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AMC's "Mad Men" has come a long way since suspending the Twitter accounts of fans who were tweeting from the perspective of the show's characters. In the lead up to the third season of the show, "Mad Men Yourself" avatars were an unavoidable presence in social media and elsewhere online.
Ian Schafer, CEO of Deep Focus, led the campaign and spoke at the Social Ad Summit today in New York about how the campaign came together and exactly how much traction it received.
For starters, they learned a lot last year. During the second season of "Mad Men," fans of the show created fake Twitter accounts that created great word of mouth and good will about the show, but misunderstanding the new medium of Twitter, AMC shut down those accounts.
In the ensuing months, the network started to realize exactly how powerful that sort of evangelism can be for a brand. During the first two seasons, AMC depended on the striking graphics from the show as promotional materials. But the popularity of the show has continued to grow among fans who shared information about the show on social networks and blogs. Teaming up with Deep Focus, AMC decided to leverage the fan base already out there — from the creative to increasing word of mouth.
Illustrator Dyna Moe was a superfan who started creating digital illustrations of scenes from the show called Mad Men Illustrated. AMC and Deep Focus liked the images so much that they started wondering — if the characters in this show were getting this kind of treatment, what if the fans could too?
They approached Moe to do personalized images for fan and let them insert themselves in cartoon scenes from the show.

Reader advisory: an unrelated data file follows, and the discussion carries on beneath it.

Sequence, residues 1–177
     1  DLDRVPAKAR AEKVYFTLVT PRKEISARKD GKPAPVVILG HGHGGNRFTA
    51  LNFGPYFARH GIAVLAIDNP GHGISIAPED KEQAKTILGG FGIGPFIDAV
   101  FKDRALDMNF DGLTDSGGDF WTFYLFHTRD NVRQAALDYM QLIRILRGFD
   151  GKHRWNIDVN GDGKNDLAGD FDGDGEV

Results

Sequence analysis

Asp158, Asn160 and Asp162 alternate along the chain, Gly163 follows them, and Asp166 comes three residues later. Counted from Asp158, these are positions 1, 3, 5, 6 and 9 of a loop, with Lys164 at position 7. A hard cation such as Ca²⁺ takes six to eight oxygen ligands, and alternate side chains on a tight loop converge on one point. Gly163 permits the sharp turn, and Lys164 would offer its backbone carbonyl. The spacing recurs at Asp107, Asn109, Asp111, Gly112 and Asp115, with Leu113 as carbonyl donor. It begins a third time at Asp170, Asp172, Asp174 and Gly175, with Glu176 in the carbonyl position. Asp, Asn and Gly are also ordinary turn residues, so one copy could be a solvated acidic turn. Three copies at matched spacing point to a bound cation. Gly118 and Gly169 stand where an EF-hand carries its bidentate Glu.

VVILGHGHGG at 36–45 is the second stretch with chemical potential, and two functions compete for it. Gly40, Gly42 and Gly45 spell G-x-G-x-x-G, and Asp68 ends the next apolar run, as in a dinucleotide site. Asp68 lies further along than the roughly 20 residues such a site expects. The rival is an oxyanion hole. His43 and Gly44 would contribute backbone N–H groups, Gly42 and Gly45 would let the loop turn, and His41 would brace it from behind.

Deep Focus knew that getting to viewers before the show's premiere was key. Viewers were twice as likely to watch the show if they engaged before the premiere.
According to Schafer: "We knew we had to get people engaged with the show before the first episode of the season. One way, was to create this highly engaging experience not connected to the show itself, but around the show."
In addition, creating a cool new app isn't as important as getting people to share it. Deep Focus knew that 56% of people who looked for info before a show were twice as likely to watch the show when it aired, and 70% of people who watched a show after looking for info before a premiere end up watching the show regularly.
Getting viewers to share information about the new season could have huge implications for viewership numbers. According to Schafer:
"It doesn't mean anything if it's only seen between a person and their screen."
To encourage users to share the experience, they worked with Moe to create a large array of customizable variables to encourage stickiness. Once users created their own avatars, Deep Focus made sure that every image could be shared through the specific metrics of different platforms, whether it be a Twitter icon, a Facebook profile photo or a desktop srcreensaver.
The results were impressive. If you use Twitter at all, you saw people promoting the app through links and through their Twitter icons. It was also shared on blogs and populated much of Facebook. The campaign started in August, and many Twitter users still have "Mad Men" branded Twitter icons. One of those is Andrew Stanton, a Pixar illustrator and director who directed "Finding Nemo" and "Wall-e." Other influencers who shared info on Mad Men Yourself ranged from Kevin Smith to New York Magazine and Entertainment Weekly.
But it was also the engagement that the campaign resulted in that worked so well for the show. 1 million unique visitors came to the site and 600,000 visitors created avatars. That's an impressive 60% conversion rate. The campaign also helped contribute to the 3.3 million viewers who tuned in for the first episode.
In the end, AMC and Deep Focus worked to leverage the show's strengths — engagement in social media, an active fan base and subject matter in the field of advertising — and engaged these people already involved in sharing with an interesting new toy integrated into platforms that are again all about sharing content.
Ultimately, according to Schafer, they "created a reason for even non-fans to promote the experience and, in turn, the series".